The Venezuelan president, Nicolás Maduro, extended until 2020 the validity of the decree that prohibits the dismissals in the Caribbean country, as announced today by its executive vice president, Delcy Rodríguez.
The announcement, Rodriguez said in a speech broadcast on state television VTV, is part of "the fundamental line of defense and protection of workers" that the Venezuelan Government is advancing with its most recent economic announcements.
The measure, known in Venezuela as "labor immovability", prohibits companies from making layoffs without first going through a lengthy and expensive process, and was instituted by the late President Hugo Chávez in April 2002.
The Venezuelan employers, Fedecámaras, did not speak immediately, although in the past it has pointed out that the decree constitutes "a serious problem" for companies and threatens productivity.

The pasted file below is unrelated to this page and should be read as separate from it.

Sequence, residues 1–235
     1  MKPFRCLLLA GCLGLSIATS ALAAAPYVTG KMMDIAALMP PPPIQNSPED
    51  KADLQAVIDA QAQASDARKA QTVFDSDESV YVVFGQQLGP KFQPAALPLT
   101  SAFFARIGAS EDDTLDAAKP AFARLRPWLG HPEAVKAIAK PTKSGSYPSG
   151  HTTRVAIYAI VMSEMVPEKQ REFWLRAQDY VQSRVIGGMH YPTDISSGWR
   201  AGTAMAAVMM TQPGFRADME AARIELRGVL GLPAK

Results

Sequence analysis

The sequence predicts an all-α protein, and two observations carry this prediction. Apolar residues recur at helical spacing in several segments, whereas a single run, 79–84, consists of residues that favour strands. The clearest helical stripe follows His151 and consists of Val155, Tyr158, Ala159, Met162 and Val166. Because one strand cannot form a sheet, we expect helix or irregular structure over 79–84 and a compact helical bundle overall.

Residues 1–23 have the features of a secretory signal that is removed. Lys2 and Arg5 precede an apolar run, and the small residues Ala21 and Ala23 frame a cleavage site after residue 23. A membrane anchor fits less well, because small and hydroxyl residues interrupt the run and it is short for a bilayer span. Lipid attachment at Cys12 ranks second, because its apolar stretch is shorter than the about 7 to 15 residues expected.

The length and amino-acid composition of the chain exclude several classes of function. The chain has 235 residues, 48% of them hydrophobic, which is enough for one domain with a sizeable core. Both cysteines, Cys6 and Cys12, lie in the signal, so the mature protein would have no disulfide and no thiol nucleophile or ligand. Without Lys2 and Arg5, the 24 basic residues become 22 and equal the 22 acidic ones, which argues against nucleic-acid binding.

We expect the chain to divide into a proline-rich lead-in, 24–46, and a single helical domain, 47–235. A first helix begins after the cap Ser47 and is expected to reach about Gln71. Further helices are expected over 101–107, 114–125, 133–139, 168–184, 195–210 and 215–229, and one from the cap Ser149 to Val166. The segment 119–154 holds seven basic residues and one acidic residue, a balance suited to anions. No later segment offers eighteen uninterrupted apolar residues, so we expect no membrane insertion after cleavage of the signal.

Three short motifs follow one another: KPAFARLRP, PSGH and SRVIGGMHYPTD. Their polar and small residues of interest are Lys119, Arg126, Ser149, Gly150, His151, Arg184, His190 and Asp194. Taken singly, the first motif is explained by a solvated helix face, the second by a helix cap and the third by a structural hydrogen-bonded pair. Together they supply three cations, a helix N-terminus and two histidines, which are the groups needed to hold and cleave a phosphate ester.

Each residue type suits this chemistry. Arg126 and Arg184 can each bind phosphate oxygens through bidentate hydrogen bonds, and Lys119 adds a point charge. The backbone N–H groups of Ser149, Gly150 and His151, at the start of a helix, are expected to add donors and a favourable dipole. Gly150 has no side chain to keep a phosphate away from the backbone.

The decision to extend the decree also happens in the midst of the severe economic crisis that Venezuela is going through, which is expressed in scarcity, hyperinflation and the marked fall in gross domestic product, which contracted 53% since 2013, according to Parliament calculations.
Maduro launched an economic program last August to try to tackle the crisis, but the plan was criticized by businessmen, opponents and experts who said it was incomplete and impertinent, as well as fueling hyperinflation.
Currently, the Venezuelan minimum wage, the norm in public administration, is located at 4,500 bolivares, or just 7 dollars according to the official exchange rate.